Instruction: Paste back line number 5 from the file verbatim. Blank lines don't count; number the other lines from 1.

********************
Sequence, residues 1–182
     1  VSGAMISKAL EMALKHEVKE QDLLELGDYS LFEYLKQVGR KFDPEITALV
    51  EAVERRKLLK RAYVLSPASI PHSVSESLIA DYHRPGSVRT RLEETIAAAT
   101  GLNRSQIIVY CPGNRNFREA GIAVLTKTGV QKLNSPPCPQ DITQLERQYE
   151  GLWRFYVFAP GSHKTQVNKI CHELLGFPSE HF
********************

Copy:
   151  GLWRFYVFAP GSHKTQVNKI CHELLGFPSE HF